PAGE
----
Margret’s music survives trends, technology and time

News & Events

Margret’s music survives trends, technology and time

February 19, 2018

Margret RoadKnight’s lounge is like a timeline of her creative life and loves. Each wall is a catalogue of her reading, listening and film favourites. But an entire wall is dedicated to vinyls, including her own recordings. Margret, one of Australia’s best-known and respected singers moved into her Rushall Park unit in 2016 and within a few weeks had performed for residents at a concert to raise money for the Refugee Council. That’s what happens when you have a singing career that spans decades and includes performances with some of the world’s most lauded singers; people want to talk to you and listen to you. But for Margret life is pretty much the same now as it always has been. It’s about music and getting on with life.

 

Margret was delighted to move into OCAV’s age-friendly village almost two years ago and enjoys the friendly community and the privacy. She lives in an independent Rushall Park unit close to the city, with its cinemas, galleries and music venues and the accessible public transport to get her there. Her career, which began in the early 1960s and led to her first album in 1973, has taken her around the world many times and into hundreds of Australia’s music venues. Her most recent performance was in February at the MPavilion at the Queen Victoria Gardens in St Kilda Rd.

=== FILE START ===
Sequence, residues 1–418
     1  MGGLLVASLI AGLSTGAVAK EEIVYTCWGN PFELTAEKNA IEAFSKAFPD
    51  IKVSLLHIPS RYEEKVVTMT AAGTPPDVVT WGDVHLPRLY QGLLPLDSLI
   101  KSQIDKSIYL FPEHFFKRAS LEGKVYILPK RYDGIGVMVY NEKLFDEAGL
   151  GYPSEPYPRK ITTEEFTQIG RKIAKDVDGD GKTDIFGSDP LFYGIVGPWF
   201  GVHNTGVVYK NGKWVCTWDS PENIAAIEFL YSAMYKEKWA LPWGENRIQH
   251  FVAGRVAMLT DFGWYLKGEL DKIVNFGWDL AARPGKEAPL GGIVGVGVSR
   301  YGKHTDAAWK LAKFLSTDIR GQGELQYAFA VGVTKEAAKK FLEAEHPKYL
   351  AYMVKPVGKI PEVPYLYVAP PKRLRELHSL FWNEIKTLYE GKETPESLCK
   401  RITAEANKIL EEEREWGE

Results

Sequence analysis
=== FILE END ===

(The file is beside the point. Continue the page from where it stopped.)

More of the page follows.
Most Australians have heard of Margret, or heard her sing. One of her most iconic recordings was ‘Girls In Our Town’, which became the anthem for a generation of women.

 

“I still love performing though things are very different now to when I started. Now, even if you ask people not to record your work, people have their phones out immediately and you know they are recording the show,” she said. “The other thing with phones is that you can be singing and look out and see people on their phones and having a conversation in the middle of a show.”

 

Margret has seen dramatic changes in the music industry and has survived them all – the intrusive use of mobile phones is just another hurdle. She has seen her music sold on vinyl, cassette, CDs and now online.

 

Margret’s musical career just happened as she was getting on with life as a young woman. “I thought I could be a muso, but I also thought I could pursue other things, I wasn’t driven to pursue a musical career. But then I heard folk music for the first time in 1962 at a South Melbourne folk concert and I was sold,” she said.

 

Over the years Margret and her music have been associated with campaigns and social activism, including raising money and awareness for refugees (e.g., singing at the launch of Grandmothers Against Detention of Refugee Children).

 

Margret’s music has brought great joy and inspiration to millions of people around the world and it still does, thanks to the technology that makes it very available.

 

“I’m very lucky to do what I do. It is an amazing experience to stand and perform and receive the applause of people listening. It’s a unique experience really.”

 

Pete Zawacki drove to Leith Park twice a week to visit his mother, Helen, until her death a year ago. After she died he wanted to honour her memory and ‘repay’ the kindness staff showed her by volunteering.

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